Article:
Top positive review
on 30 April 2014
Parallel 59 is an Eighth Doctor novel by Natalie Dallaire and Stephen Cole. Natalie appears to only have ever written this book and Stephen Cole was in charge of the line at this time, which suggests that this book suffered from difficulties, not that you’d know it to read it.
The main premise of Parallel 59 is that the planet Skale is trying to reach out into space, but is divided into different parallels, each paranoid of the other. It’s obviously fiction, but it draws similar parallels (see what I did there?) with our own space race. The TARDIS crew land on a space station and have to abandon it, with Fitz taking one pod to the convalescent place of Mechta, and the Doctor and Compassion heading down to Skale. Fitz enjoys his new life, but the Doctor and Compassion are captured and tortured as spies. As the story progresses it appears Mechta isn’t all it appears, and neither are the space stations orbiting Skale.
The Doctor is on form throughout and actually gets a fair bit to do, which is nice given his lack of involvement in recent stories. Compassion has also finally cemented herself as a companion after her much needed character building in the previous novel, Frontier Worlds. She is still mysterious, but I felt connected to her for the first time since her introduction. The star of the show still is Fitz however with all his bits being an absolute joy to read. I really like the fact that he is basically a normal bloke in well over his head and just muddling through life as best he can. If I was trapped in a strange place away from my friends then I’d be shagging left, right and centre too. On the flipside you do see that the Doctor has rubbed off on him.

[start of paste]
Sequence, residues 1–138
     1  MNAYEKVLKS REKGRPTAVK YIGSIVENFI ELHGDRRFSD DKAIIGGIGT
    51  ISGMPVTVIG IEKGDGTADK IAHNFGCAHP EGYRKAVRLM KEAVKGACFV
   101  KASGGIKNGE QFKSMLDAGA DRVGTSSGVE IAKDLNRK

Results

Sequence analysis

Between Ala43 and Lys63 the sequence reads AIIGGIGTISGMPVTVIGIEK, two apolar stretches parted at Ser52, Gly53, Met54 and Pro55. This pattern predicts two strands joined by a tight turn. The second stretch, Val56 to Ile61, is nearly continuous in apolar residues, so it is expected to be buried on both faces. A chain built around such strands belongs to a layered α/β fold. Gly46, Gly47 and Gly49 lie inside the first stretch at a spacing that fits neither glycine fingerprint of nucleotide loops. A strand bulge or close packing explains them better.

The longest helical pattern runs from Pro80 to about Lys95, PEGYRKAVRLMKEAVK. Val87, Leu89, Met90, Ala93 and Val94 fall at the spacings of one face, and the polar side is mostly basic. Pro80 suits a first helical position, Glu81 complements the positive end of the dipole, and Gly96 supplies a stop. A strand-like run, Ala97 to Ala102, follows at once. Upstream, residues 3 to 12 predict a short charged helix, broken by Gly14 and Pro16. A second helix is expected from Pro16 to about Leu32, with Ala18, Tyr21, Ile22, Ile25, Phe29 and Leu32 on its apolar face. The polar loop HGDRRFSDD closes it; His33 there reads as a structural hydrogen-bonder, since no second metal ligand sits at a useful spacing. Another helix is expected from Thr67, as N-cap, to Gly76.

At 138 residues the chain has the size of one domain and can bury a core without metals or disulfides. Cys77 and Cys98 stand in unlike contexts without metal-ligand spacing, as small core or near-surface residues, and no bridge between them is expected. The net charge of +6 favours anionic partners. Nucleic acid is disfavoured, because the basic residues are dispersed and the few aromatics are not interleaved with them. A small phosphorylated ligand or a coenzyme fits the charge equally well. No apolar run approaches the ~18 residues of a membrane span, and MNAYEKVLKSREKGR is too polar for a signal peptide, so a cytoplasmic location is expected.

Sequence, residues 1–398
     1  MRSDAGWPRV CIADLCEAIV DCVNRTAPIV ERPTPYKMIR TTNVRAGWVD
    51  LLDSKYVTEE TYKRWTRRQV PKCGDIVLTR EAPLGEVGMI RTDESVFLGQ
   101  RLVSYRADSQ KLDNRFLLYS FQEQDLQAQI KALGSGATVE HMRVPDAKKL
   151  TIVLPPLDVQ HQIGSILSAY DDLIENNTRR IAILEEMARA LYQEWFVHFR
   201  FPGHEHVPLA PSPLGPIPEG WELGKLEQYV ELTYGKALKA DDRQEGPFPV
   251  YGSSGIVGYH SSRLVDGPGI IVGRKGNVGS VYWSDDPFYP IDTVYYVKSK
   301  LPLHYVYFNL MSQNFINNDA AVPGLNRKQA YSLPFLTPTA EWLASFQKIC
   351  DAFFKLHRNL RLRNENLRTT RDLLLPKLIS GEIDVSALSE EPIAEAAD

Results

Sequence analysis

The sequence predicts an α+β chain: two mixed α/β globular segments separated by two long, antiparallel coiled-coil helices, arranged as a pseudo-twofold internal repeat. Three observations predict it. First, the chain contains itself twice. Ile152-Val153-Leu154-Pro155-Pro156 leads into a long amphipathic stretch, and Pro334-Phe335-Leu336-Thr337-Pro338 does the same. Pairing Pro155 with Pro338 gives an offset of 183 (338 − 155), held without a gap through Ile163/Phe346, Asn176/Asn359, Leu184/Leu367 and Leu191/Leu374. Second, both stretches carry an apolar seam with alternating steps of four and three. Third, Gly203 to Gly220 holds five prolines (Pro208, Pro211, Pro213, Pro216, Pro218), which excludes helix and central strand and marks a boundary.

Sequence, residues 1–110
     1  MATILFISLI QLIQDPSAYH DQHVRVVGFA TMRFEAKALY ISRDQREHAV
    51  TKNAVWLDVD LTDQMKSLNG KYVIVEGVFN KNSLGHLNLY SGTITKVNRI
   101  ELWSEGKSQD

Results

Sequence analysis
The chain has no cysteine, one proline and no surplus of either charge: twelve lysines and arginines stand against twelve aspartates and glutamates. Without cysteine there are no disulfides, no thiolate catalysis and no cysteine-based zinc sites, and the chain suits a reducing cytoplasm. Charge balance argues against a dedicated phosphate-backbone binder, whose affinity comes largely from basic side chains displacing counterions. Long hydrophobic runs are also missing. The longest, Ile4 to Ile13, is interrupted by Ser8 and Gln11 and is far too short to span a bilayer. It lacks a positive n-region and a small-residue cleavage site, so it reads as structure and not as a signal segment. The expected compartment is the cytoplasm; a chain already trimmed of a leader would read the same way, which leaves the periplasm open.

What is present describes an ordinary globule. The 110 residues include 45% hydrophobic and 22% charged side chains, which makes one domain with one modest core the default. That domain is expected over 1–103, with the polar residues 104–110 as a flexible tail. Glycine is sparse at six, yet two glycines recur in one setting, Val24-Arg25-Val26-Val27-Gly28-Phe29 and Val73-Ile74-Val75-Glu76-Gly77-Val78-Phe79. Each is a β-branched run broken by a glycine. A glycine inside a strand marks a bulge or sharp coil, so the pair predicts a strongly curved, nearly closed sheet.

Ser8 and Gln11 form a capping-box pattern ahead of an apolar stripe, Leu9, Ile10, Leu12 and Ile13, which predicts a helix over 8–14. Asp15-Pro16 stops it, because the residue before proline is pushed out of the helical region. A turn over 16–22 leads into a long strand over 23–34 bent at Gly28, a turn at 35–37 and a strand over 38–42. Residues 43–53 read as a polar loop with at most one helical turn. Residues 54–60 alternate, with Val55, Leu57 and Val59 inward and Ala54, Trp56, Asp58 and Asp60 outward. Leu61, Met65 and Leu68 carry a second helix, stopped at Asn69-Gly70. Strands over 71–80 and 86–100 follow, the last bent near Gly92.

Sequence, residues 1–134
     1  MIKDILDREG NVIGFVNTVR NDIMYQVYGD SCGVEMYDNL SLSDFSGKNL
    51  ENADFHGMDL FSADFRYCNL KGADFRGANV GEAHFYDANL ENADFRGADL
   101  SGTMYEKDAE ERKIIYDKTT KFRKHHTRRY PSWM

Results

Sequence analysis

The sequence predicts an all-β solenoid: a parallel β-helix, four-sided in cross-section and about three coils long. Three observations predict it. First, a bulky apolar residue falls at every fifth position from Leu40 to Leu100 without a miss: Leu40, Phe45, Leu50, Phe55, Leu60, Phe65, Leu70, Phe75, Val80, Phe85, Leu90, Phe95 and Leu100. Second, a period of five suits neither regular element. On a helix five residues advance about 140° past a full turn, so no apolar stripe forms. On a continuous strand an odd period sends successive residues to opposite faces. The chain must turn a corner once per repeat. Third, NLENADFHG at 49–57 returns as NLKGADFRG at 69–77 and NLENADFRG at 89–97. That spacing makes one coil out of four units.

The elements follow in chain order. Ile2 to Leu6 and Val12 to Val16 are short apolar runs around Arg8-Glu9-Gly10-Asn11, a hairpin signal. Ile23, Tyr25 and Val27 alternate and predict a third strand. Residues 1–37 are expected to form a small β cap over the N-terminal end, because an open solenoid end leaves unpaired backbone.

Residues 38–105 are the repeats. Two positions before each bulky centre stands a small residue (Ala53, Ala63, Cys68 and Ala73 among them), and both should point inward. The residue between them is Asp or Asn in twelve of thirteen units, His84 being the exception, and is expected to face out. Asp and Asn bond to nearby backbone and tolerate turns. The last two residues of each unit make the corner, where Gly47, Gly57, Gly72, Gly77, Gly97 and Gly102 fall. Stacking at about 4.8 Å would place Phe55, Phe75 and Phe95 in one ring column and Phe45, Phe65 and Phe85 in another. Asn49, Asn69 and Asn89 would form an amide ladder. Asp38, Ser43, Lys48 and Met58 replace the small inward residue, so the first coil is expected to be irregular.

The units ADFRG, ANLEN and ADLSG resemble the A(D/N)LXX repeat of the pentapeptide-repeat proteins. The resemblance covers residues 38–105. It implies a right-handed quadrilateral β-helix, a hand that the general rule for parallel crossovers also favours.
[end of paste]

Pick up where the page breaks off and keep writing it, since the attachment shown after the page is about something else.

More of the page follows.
The staff at Parallel 59 are very well done, with only a few blurring into each other. The paranoia and tension makes for an interesting novel and it’s nice to see that none of them are truly evil, just out of themselves. There is a huge twist right at the end which I didn’t see coming, but felt entirely natural.
I really enjoyed Parallel 59, which given my initial apprehension about an unknown author being guided by the range manager was surprising. The more adult themes and general paranoia make a great novel and therefore I’d highly recommend it to all.